Once in Orbit, Components Would Be Connected Physically or Wirelessly
SUMMERLAND KEY, Fla. — The Pentagon’s Defense Advanced Research Projects Agency is about to start a new research effort that will test the feasibility of dividing large satellites into critical subsystems and launching those components separately into orbit. Once there, those components would be joined together whe ther physically or more likely wirelessly to act like one satellite.
If the concept works, it might someday be possible to launch a large satellite on a handful of small, 453.6-kilogram -payload rockets like those DARPA has helped private companies develop, said DARPA Director Anthony Tether, during an April 10 panel discussion at the National Space Symposium in Colorado Springs.
DARPA hopes to cut launch costs while reducing the pain of launch failures. “You lose a booster it doesn’t kill you because you’ve only lost one of the components,” Tether said.
DARPA plans to invite U.S. satellite designers to compete for the program, known as F6, through a Broad Agency Announcement scheduled for release in the “late spring or early summer,” of this year, said Owen Brown, the F6 program manager. A demonstration mission could be conducted in 2010 or 2011, said DARPA spokeswoman Jan Walker.
The program gets its name from six “F” words — future, fractionated, fast, flexible, free flying — and from the phrase “Spacecraft united by I-nformation e-X-change,” Brown said. But in typical DARPA fashion, the name also has marketing in mind. F6 is a play on the Fujita Tornado scale: “An F6 is a tornado of unimaginable strength, and no one has ever seen one before,” Brown said.
The goal is to demonstrate a new approach to space missions, rather than a specific new type of spacecraft, Brown said. In place of real sensors, companies would be free to launch “mass simulators” that would store and download up to an hour’s worth of Flash memory as though it were real data, he said.
DARPA is not the first U.S. agency to explore the idea of dividing spacecraft into separate components. NASA has studied the concept of launching astronomy sensors separately into space and merging their observations as elements of a single, giant “sparse aperture” telescope. The Air Force Research Laboratory’s (AFRL) space vehicles directorate in Albuquerque has looked at sparse aperture concepts for reconnaissance applications. In 2003, AFRL canceled a program called TechSat 21 that would have launched three small, free-flying radar satellites that would act as one radar system.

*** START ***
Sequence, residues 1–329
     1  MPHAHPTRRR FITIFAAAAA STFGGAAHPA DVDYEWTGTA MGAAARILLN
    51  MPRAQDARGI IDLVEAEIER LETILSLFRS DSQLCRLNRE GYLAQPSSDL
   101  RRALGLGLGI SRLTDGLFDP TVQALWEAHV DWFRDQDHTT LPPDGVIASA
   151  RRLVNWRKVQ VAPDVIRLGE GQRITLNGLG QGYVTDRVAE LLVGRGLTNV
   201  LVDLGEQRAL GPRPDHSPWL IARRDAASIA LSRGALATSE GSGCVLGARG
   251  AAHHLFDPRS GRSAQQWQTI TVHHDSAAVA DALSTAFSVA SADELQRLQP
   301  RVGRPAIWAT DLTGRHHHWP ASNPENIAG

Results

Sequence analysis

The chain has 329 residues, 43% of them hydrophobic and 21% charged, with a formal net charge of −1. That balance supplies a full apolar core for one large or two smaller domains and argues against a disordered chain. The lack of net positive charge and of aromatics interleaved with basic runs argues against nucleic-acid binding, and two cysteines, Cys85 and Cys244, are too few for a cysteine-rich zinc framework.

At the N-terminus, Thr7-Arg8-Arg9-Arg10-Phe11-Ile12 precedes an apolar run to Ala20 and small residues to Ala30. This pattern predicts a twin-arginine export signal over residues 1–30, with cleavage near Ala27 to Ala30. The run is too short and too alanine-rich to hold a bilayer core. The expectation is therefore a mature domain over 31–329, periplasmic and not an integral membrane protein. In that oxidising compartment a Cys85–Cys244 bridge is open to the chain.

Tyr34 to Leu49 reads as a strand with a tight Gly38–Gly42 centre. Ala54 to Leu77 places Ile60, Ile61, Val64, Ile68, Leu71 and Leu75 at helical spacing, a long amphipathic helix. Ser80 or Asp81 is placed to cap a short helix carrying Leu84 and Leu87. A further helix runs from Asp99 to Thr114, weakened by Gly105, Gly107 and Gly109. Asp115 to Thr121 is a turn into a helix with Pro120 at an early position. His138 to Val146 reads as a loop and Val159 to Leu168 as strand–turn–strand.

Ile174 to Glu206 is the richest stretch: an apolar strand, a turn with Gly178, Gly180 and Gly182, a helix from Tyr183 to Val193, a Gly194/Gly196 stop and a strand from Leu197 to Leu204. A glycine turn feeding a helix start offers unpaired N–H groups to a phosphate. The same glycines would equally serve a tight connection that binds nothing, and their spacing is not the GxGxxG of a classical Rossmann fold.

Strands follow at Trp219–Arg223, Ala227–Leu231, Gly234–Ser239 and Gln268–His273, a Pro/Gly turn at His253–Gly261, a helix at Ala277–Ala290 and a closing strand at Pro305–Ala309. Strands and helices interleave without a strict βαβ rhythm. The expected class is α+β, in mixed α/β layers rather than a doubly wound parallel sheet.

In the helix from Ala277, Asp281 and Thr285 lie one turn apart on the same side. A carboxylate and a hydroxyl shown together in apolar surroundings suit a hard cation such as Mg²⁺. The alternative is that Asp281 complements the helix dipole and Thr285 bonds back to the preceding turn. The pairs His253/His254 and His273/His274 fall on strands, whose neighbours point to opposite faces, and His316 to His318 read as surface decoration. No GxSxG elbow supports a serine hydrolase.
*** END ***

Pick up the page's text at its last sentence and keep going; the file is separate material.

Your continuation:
The F6 program is distinct from those efforts because it is not specifically geared toward launching large arrays, Brown said. Sparse-aperture proposals usually call for launching flocks of almost identical satellites, but the F6 concept calls for launching separate spacecraft, each with a specific function, that allows multiple small spacecraft to work as a single satellite.
“One node might be a computing element. One node might be a downlink element. The other element might be the payload element. We’re literally talking about taking a spacecraft apart and flying various parts of that spacecraft separately,” Brown said.
Brown declined to say how much money DARPA has allocated for the new program, or how much funding each contractor might receive in the initial concept phase.
“It’s obviously going to depend on how many performers are in the first phase,” he said.
Tether said the satellites could be joined together one of two ways: either “physically, like Orbital Express,” he said, referring to the robotic-servicing demonstration mission DARPA currently has in orbit, or “magnetically somehow.”
Brown left no doubt that his preference for F6 would be for wireless links. “F6 is sort of the next step: Now, to upgrade or replace an element doesn’t entail robotic servicing. It means that I simply fly a new element with that capability into a new cluster and it logs itself in,” he said.
Exactly what an orbital F6 demonstration would look like depends on the proposals that come in, Brown said. DARPA has chosen to issue a Broad Agency Announcement, rather than a more specific Request for Proposals, to give potential bidders maximum flexibility, Brown said.
“F6 will be mission non-specific. What we’re really trying to demonstrate here is an architecture, not a mission,” he said.
The contractors must assess the potential costs of the F6 approach compared to launching large, monolithic satellites on large launch vehicles, Brown said.
“Today’s paradigm says that the way to reduce life-cycle costs and provide the most utility is to cram as much payload into a large spacecraft and launch it on a large launch vehicle,” Brown said. “There’s an economy of scale there, but that really is bad because it creates inflexible systems, and it also creates risk-intensive systems.”
Once satellites are launched, they can’t easily be upgraded. “We all know about Moore’s Law,” Brown said, meaning the inevitable improvements in computer speeds predicted by Intel co-founder Gordon Moore. “We can’t take advantage of it” once satellites are in space, Brown said.